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Diss Factsheets

Administrative data

Key value for chemical safety assessment

Genetic toxicity in vivo

Description of key information

A large number of published in-vitro and in-vivo genetic toxicity studies were identified. In-vitro studies included Ames, or modified Ames tests, chromosomal aberration studies, micronuclei  and mouse lymphoma assays and Comet assays to investigate DNA damage. In-vivo studies included transgenic studies, cytogenicity investigations, micronucleus assays,  Comet assays (for DNA damage) and investigation of  DNA adduct formation and gene expression profiling.

In-vitro studies were undertaken on condensates of bitumen, or solutions of bitumen in solvent whereas in-vivo studies were carried out following inhalation exposure to bitumen fumes, dermal exposure to fume condensates/solvent solutions, oral exposure to bitumen solutions or intratracheal administration of condensate.

Two inhalation transgenic animal model studies (non-guideline) were identified as key in vivo studies. Both studies (one in mice and another in rats) produced negative results. Results of a key ‘read across’ micronucleus assay are available for a mixture of air-rectified bitumen and vacuum residue which was negative. Supporting oral cytogenetic assays were also negative. In vitro gene mutation studies in bacteria (OECD 471) were identified on bitumen and showed mixed results.  

In conclusion, although the in-vitro and in-vivo studies identified showed some mixed results the  large body of data did not show clear, consistent evidence of genotoxic activity.

Endpoint conclusion
Endpoint conclusion:
no adverse effect observed (negative)

Additional information

Additional information from genetic toxicity in vivo:

It is important to recognize that toxicity studies involving exposure to fume or fume condensates from bitumens represent only the volatile fraction of the whole material.

One key gene mutation study in bacteria (Klimisch score=2) was identified. In a reverse gene mutation assay in bacteria, strains TA98, TA100, YG 1041 and YG 1042 of S. typhimurium were exposed to bitumen fume condensates in DMSO at amounts not exceeding 10 µL and 0.1 mL of the overnight culture in the presence and absence of mammalian metabolic activation using pre-incubation method (De Meo et al., 1996). There was no evidence of mutagenic activity in any samples without metabolic activation. All samples and strains with metabolic activation showed varying degrees of mutagenic activity from 268 (x 0.08) to 11748 rev/ µL. The positive controls induced the appropriate responses in the corresponding strains.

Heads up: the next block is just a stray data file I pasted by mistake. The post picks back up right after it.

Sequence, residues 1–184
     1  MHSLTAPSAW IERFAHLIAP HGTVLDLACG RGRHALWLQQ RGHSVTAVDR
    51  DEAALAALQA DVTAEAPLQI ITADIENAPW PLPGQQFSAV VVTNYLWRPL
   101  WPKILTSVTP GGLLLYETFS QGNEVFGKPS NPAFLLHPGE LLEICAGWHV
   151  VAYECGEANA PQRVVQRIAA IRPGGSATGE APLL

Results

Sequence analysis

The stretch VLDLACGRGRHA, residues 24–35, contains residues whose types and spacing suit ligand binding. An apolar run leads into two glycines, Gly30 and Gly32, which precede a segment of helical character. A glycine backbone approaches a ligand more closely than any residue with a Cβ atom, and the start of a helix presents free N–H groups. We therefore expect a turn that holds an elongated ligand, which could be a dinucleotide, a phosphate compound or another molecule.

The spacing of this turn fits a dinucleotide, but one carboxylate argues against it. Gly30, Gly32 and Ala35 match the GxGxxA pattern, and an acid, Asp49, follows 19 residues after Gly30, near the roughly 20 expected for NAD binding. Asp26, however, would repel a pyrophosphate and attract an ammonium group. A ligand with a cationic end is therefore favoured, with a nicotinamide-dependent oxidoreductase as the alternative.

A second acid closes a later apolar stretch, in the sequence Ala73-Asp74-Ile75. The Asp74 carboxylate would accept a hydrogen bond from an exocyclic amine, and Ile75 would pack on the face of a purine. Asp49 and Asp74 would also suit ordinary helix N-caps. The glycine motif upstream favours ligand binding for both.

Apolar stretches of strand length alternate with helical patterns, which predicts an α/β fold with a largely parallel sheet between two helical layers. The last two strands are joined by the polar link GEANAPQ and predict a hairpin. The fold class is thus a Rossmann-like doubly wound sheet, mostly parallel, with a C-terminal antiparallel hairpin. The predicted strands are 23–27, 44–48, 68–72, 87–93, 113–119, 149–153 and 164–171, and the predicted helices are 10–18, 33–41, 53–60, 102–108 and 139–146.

In three supporting studies, 3 bitumen and 2 RAE samples were examined for mutagenic activity in one histidine dependent auxotroph of Salmonella typhimurium, strain TA98, using a modification of the pour-plate assay designed to detect mutagenicity mediated by polynuclear aromatic compounds derived from petroleum, based upon the principles of the ASTM Standard Test Method E 1687. A clear indication of mutagenic activity is indicated by an MI value >/=1. The results showed, that the test substance, CAS 8052-42-4 had a Mutagenicity Index (MI) of 2.63, test substance, CAS 64741-56-6 had a Mutagenicity Index (MI) of 0.84, and the test substance, CAS 92062-05-0 had a Mutagenicity Index (MI) of 2.84. 

In a key gene mutation study (Kriech et al., 2007, Klimisch score = 2), four samples of fume condensate originating from paving bitumen were tested in a modified Ames assay. The four samples were collected from bitumen storage tanks (indicated by TR).  Three of the four samples were negative whilst one showed a marginally positive response.

In a mammalian micronucleus assay, Chinese hamster cell V79 cultures were exposed to Type I and Type III roofing (oxidized) asphalt fume condensates (generated at temperatures similar to actual roofing operation (316 ± 10°C)in DMSO at concentrations of 0, 62.5, 125, 187.5, and 250 μg/mL for 24 hours (Qian et al., 1996). The results were expressed as the mean number of cells with micronucleus per 1000 cells. Fume condensates of both types I and III oxidized asphalt were found capable of causing micronucleus formation in mammalian cells in vitro. The genotoxic potential appears to be similar for both types of oxidized asphalt condensate. Both condensates caused a similar dose-related increase in the frequency of micronucleated cells. The increase was statistically significant for all four concentrations tested. These findings indicate that both Type I and Type III roofing oxidized asphalt fumes are capable of causing cytogenetic damage, principally to the spindle apparatus in cultured mammalian cells.